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Red armband with swastika acquired by American soldier and liberator

Object | Accession Number: 2012.427.7

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    Red armband with swastika acquired by American soldier and liberator


    Brief Narrative
    Nazi swastika armband acquired by Captain Ralph M. Kopansky during his service as a US soldier in Europe from 1944 - 1945. On September 22, 1941, Ralph, an Army reservist, enlisted for active duty. Following Japan’s December 7, 1941, attack on Pearl Harbor, the United States entered World War II. In 1943, he received intelligence training and was assigned to the XIII Corps as an Assistant Intelligence Officer. In 1944, Ralph’s Corps was deployed to Europe. The Corps trained in England, and fought in France, before advancing into Germany, in January 1945. On April 4, the XIII Corps was with the 4th Armored and the 89th Infantry Divisions when they liberated Ohrdruf concentration camp. During an inspection tour of the camp, Ralph was photographed viewing the charred remains of the prisoners. The photograph, 74589, is part of the Museum’s collection. On May 7, 1945, Germany surrendered.
    acquired:  approximately 1945
    Credit Line
    United States Holocaust Memorial Museum Collection, Gift of Dr. Terry Kopansky
    Subject: Ralph M. Kopansky
    Ralph Morris Kopansky was born on May 23, 1912, in Minneapolis, Minnesota. He was the second of three children born to Sam and Ida Goseman Kopansky. His parents and older sister, Esther (later Fisher), were born in Russia and immigrated to the United States. Sam worked as a clothing dyer. In 1924, Ralph’s younger sister Lillian died. Ralph graduated from high school and went on to receive degrees from the University of Minnesota and the Minnesota College of Law. While attending law school, Ralph worked as a part time general investigator for Carlton Investigative Agency and served in the US Army Reserve. In July 1940, Ralph married Alice Whitver (1914 – 1981). After receiving training, Ralph became an Immigration Patrol Inspector in Ogdensburg, New York. On September 22, 1941, Ralph enlisted for active duty in the Army.

    On December 7, 1941, Japan attacked Pearl Harbor, and a few days later America entered World War II. In 1943, Ralph was selected for training at Army intelligence school in Chicago, Illinois. As a Captain, he was assigned to the U.S. Army Headquarters XIII Corps, 9th Army, where he served as an Assistant Intelligence Officer. In 1944, Ralph’s Corps was deployed to England for additional training and his and Alice’s first son was born. The Corps fought in France, and by mid-January 1945, had crossed the Siegfried Line and advanced into Germany. On April 4, Ralph’s Corps was with the 4th Armored and the 89th Infantry Divisions, Third Army, when they liberated Ohrdruf concentration camp, a subcamp of Buchenwald and the first concentration camp liberated by US troops. The majority of the inhabitants were dead and many of the remains were badly charred. On orders from higher-up, the guards had “exhumed and burned 1,606 murdered victims in six days in an attempt to destroy the evidence” before evacuating the camp in advance of the arrival of US Army forces. Many other prisoners, too weak or sick to be evacuated, were shot by members of the SS before the US Army arrived. Ralph, part of an inspection tour of the camp, was photographed viewing "the charred remains of burned prisoners shortly after capture of the area.” On May 7, Germany surrendered. Ralph received a Bronze Star and numerous letters of commendation for meritorious service.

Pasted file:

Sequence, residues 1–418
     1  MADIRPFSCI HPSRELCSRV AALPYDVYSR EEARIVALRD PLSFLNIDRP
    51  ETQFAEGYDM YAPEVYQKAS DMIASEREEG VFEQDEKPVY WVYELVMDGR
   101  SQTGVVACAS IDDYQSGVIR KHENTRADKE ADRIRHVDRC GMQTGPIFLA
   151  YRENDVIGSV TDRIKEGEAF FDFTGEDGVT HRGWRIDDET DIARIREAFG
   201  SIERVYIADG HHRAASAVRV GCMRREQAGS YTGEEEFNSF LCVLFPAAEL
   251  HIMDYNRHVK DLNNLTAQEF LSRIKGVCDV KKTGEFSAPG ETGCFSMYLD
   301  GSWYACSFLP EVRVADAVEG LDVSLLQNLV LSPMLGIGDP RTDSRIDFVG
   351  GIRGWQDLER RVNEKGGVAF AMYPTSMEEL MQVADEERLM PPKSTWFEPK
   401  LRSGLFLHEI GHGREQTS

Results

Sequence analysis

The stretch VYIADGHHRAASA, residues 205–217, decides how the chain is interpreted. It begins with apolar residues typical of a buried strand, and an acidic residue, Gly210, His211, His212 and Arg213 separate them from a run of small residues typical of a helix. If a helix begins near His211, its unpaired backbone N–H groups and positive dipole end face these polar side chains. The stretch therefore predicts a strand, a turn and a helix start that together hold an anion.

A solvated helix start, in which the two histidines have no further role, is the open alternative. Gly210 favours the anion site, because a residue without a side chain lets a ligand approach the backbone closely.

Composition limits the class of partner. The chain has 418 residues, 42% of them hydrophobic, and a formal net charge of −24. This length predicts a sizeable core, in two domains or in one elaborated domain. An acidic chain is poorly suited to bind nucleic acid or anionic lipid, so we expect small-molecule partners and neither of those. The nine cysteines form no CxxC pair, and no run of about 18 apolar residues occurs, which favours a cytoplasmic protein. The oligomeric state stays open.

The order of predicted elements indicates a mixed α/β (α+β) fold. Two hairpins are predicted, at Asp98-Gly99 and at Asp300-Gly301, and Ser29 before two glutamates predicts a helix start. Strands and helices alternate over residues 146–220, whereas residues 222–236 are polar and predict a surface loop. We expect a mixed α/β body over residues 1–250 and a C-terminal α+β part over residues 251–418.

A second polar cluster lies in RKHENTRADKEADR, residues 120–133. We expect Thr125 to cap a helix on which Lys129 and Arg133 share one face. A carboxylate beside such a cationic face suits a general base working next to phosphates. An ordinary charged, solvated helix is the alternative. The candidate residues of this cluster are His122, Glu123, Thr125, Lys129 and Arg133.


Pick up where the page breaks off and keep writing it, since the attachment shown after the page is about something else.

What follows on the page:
In January 1946, he was released from active duty as a Major, the Military Intelligence Chief of the XIII Corps, and returned to the Army Reserve. In January 1947, the couple’s second son was born. Later that year, Ralph began a successful career with the US Atomic Energy Commission. First serving as the Chief of Police in Los Alamos, New Mexico, and in the late 1950’s, becoming a Branch Manager in Clarksville, Tennessee. Ralph was an active member of several police associations, the American Legion, Lions Club, the PTA, and served as a board member for several additional groups. In 1962, he retired from the Army Reserve as a Lieutenant Colonel. In 1973, he retired and settled in Santa Fe, New Mexico. Ralph, 66, died on July 1, 1978, in Albuquerque, New Mexico.

    Physical Details

    Identifying Artifacts
    Object Type
    Armbands (lcsh)
    Physical Description
    Rectangular, red cloth armband with a white circle sewn on the front center containing a textured, woven black cloth mobile swastika. The short ends are machine sewn together to form the armband loop. The long edges are hemmed with red thread.
    overall: Height: 4.500 inches (11.43 cm) | Width: 7.250 inches (18.415 cm)
    overall : cotton, cloth, thread

    Rights & Restrictions

    Conditions on Access
    No restrictions on access
    Conditions on Use
    No restrictions on use

    Keywords & Subjects

    Administrative Notes

    The armband was donated to the United States Holocaust Memorial Museum in 2017 by Dr. Terry Kopansky, the son of Ralph Kopansky.
    Funding Note
    The cataloging of this artifact has been supported by a grant from the Conference on Jewish Material Claims Against Germany.
    Record last modified:
    2023-08-30 16:26:57
    This page:

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